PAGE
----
Pyrazinamide pharmacokinetics and efficacy in adults and children

Donald P.R. ; Maritz J.S. ; Diacon A.H. (2011-10-13)

Article in Press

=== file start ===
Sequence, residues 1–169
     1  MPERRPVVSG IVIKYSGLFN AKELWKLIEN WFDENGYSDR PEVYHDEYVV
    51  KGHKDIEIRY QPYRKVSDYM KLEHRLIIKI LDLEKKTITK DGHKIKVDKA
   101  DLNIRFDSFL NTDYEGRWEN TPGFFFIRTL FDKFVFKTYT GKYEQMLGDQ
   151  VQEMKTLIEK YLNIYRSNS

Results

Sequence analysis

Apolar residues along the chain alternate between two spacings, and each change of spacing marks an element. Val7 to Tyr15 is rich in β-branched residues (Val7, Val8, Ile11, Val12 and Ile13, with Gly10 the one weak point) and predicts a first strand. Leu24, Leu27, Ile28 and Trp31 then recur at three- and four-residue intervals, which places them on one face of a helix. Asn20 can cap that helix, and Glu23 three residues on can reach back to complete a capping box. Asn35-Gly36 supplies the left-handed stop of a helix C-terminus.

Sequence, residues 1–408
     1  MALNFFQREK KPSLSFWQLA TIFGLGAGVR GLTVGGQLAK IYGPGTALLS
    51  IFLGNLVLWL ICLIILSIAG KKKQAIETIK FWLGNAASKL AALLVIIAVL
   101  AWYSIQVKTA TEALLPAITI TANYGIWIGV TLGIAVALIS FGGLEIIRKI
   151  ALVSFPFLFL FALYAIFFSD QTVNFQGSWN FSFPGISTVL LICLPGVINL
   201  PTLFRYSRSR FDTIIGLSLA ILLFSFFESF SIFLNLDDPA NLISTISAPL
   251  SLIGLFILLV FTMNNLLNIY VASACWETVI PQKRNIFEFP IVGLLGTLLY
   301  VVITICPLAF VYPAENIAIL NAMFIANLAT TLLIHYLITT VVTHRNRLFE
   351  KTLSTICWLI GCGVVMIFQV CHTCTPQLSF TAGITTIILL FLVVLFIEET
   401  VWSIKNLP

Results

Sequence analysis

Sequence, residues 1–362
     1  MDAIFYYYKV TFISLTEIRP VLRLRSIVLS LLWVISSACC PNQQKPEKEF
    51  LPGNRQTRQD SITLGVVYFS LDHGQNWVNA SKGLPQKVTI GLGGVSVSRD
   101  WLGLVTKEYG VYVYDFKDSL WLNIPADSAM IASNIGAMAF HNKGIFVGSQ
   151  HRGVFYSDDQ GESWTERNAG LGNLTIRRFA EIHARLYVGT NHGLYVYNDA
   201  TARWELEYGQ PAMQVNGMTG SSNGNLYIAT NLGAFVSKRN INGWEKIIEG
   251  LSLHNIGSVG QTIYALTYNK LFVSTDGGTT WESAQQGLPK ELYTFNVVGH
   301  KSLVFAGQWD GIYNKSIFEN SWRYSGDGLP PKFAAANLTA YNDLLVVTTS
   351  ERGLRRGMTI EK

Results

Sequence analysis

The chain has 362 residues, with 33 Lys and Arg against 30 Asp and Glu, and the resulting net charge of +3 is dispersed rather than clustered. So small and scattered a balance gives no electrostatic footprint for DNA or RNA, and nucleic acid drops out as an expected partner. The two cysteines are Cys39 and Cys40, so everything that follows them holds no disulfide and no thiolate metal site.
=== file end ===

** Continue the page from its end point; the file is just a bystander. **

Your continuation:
Pyrazinamide (PZA) is an essential sterilizing drug and with rifampicin enables six-month short-course antituberculosis chemotherapy. Despite routine use for nearly forty years uncertainty remains regarding the most appropriate PZA dosage for children. In view of this uncertainty literature relating to the efficacy and pharmacokinetics of PZA in children treated for tuberculosis and in adult volunteers and patients was reviewed. Making use of the PZA maximum concentration (Cmax) following various PZA dosages in different groups straight line regression of concentration on dosage was fitted through the origin by least squares and weighted for the numbers of subjects. The fitted line offers an approximation of the likely PZA Cmax that would result from a particular dosage. The slopes of Cmax/dosage of the fitted lines are 1.32 (SE 0.099) for paediatric patients, 1.36 (SE 0.051) for adult volunteers and 1.35 (SE 0.037) for adult patients; there is little difference between the Cmax concentrations achieved in children and adults, whether patients or healthy volunteers, following various mg/kg body weight dosages, suggesting that children and adults receiving the same mg/kg body weight PZA dosage will reach a similar Cmax. Children can receive the same mg/kg body weight PZA dosage as adults. © 2011 Elsevier Ltd. All rights reserved.

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